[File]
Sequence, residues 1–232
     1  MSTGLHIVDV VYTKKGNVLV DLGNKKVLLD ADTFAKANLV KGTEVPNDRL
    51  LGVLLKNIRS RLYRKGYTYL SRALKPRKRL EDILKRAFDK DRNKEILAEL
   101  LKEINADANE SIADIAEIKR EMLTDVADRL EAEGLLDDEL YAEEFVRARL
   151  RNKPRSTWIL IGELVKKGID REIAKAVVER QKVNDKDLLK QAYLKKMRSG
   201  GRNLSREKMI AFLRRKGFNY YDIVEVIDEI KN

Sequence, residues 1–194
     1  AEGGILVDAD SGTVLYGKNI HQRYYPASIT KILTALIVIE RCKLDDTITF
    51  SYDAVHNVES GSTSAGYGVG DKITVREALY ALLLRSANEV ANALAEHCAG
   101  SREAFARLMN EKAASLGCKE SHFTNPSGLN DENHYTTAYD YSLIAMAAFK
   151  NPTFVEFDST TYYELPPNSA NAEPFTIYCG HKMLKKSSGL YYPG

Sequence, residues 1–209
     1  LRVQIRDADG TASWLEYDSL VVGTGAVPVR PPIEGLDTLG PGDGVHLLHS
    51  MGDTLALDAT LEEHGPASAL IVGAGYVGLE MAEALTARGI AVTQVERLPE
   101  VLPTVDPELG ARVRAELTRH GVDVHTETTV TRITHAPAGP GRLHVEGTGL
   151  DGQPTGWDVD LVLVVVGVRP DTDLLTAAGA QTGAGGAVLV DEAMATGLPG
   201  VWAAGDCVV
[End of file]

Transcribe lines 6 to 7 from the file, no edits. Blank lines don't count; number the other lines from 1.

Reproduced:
   201  GRNLSREKMI AFLRRKGFNY YDIVEVIDEI KN

Sequence, residues 1–194